The centerpiece of Hannibal: Fields of Blood is the Battle of Cannae. This battle, fought in 216 BC, retains the dubious distinction, as Ben Kane informs us, of remaining one of the bloodiest battles of history, with over 50,000 Roman soldiers dead on the field. All paths here do indeed lead to Cannae, although we pass on the way skirmishes, raids and feats of daring on both sides, not least by Hanno and Quintus themselves.

While Hanno has to reassert his loyalty to the extraordinary Hannibal, proving that he is no friend of Rome, and attempting to find peace with his two brothers, Quintus has to prove himself to his father. No longer able to do this as a member of the elite equestrians, Quintus turns his back on his father and comrades and instead `re-enlists' as a common foot soldier. In this lowly position he has to fight for supremacy, even survival, in the small world of his tent men. Enemies are easily made here. A knife in the back is so easily explained away. Meanwhile, near Capua, Quintus' young sister Aurelia has to reassert her own independence against her mother who is intent on marrying her off to save the fortunes of the estate. Actually, there can be no independence, and that is the battle that Aurelia must fight, within herself.

It was good news to learn that Ben Kane was returning to Hanno and Quintus. Since Enemy of Rome, though, we have been given the two Spartacus novels which, I think, are spectacularly good and again took me on a very different path to the one I was expecting. It's possible that by the time Fields of Blood came around, too much time had passed.

Ben Kane is a master of the details. His research is meticulous and every page reaps the benefit of thorough knowledge. His description of the two armies, their units, and the Battle of Cannae itself, are superb. But there is for me little of the enjoyment that I had felt reading Enemy of Rome. This might well be the result of the times being told here - this was hardly a good time to be Carthaginian or Roman - but I found it relentlessly bleak. I found Hanno and Quintus difficult to distinguish in terms of character and I had little grasp of the wider picture. Where I think Fields of Blood does suffer is in the sections dealing with Aurelia. Personally, I would have preferred them removed. Nevertheless, this is a vivid and exact picture of a brutal confrontation and, as a piece of military historical fiction, Fields of Blood has much to commend it. I'm grateful for the review copy.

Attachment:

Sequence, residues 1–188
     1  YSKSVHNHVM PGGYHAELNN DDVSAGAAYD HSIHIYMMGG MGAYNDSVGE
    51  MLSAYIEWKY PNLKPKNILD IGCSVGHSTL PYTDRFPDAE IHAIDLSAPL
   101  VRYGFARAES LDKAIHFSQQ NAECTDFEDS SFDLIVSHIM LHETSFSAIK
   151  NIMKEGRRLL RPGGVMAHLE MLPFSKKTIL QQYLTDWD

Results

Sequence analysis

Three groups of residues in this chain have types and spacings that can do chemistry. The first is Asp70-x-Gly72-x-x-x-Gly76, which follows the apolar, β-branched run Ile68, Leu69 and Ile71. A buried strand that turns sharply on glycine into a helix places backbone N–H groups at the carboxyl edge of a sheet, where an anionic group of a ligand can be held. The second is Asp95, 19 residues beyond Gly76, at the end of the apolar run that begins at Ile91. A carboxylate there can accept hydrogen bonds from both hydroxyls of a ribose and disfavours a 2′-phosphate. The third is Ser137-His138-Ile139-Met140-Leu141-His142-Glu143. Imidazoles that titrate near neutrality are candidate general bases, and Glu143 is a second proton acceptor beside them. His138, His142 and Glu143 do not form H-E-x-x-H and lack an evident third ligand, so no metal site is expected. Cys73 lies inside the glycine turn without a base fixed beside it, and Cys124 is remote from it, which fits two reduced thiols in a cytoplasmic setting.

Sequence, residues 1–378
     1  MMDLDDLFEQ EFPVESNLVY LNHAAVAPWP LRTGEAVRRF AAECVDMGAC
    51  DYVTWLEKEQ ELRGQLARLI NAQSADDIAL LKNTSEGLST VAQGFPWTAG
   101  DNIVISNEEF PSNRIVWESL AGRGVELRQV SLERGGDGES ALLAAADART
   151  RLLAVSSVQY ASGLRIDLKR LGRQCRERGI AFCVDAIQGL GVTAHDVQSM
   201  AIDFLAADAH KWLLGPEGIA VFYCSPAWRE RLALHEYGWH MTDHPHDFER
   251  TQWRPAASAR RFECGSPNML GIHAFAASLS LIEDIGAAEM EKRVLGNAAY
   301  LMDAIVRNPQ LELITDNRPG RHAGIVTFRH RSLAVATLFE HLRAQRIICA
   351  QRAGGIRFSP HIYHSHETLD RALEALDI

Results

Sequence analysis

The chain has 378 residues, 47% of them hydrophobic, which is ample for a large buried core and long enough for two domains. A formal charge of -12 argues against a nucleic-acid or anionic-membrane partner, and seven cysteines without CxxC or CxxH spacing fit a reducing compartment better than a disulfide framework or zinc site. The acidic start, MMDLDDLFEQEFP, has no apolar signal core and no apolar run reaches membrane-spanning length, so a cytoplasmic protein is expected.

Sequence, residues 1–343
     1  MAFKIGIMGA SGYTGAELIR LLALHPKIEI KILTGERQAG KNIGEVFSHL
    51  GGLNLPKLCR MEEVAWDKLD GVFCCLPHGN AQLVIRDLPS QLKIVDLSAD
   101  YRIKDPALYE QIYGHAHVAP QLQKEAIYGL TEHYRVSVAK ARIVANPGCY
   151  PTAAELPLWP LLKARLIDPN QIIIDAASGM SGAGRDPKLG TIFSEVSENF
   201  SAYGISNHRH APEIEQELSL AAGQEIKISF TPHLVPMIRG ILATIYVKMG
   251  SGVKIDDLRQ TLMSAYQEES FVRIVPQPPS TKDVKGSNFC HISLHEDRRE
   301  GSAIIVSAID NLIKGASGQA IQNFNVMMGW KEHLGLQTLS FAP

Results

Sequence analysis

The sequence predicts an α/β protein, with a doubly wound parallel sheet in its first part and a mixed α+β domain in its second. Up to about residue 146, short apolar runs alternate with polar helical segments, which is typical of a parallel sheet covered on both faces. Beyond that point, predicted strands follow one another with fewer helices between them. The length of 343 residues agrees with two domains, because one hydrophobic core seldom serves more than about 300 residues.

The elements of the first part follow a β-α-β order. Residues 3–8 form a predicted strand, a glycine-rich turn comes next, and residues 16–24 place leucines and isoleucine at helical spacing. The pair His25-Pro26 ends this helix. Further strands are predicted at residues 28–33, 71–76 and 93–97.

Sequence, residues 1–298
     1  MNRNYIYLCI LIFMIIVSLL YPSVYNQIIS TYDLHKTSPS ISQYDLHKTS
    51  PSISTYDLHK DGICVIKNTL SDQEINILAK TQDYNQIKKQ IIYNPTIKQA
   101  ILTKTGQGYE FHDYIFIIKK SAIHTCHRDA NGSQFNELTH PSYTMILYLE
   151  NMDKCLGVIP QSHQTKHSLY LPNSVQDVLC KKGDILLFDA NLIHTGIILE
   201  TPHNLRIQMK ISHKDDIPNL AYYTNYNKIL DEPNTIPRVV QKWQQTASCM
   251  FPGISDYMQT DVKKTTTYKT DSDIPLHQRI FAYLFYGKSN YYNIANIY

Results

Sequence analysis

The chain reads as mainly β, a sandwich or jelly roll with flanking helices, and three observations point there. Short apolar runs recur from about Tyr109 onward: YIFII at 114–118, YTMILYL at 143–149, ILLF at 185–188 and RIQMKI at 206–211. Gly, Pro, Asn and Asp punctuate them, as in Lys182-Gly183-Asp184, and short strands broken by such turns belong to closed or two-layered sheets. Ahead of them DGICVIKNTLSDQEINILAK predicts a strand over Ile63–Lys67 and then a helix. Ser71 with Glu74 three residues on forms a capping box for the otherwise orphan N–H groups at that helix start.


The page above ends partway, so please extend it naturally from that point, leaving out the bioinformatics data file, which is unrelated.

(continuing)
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on 24 November 2013
I actually started part 2 on holiday abroad & couldn't put it down until I finished it. I was branded as anti-social. I have a feeling we'll be seeing more of these characters and the sooner the better please - no pressure Ben!
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on 27 May 2016
Once more, Ben Kane delivers a novel of the highest quality. His research into his books is second to none and you can easily believe that his books have been written through personal experience rather than from the pages of history. This is another brutal but honest book following Hannibal and his army as they roam through Italy at will. The all conquering Roman army we all read about at school aren't quite as invincible as we've been led to believe. They are often outwitted by Hannibal, suffering losses unimaginable to our more sensitive lives. What is most surprising in this book is how often they fall for the same trap by Hannibal. It really is an eye opener to the conflict we all know a little about, but not the full extent of the horror of it. Ben does not hold back when describing the battle scenes and you will not be left in any doubt about the slaughter that occurred. Most of the story is seen through the eyes of Quintus and Hanno, enemies through birth, master and slave through fate, friends through experience and enemies again through loyalty. Hanno is a complex character and I was often left wondering whether to cheer for him or to despise him! I am very interested to see how his character develops in Clouds of War. I urge everyone with an interest in historical fiction to discover Ben Kane. His knowledge of Roman history is second to none and his books are firm favourites of mine, but please don't just take my word for it, find out for yourself. You'll be glad when you do.
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on 1 January 2014
It has taken me longer to finish reading Hannibal Fields of Blood than it has taken me to read any of Ben Kane's other books, and I've read them all so far. It wasn't that I found the story hard going or boring in fact the opposite, I just realised after buying it, that I wanted to take my time with it as I normally consume his novels within a couple of days. So I deliberately rationed myself to a few pages at a time, whilst reading other books and generally being very busy in between sessions.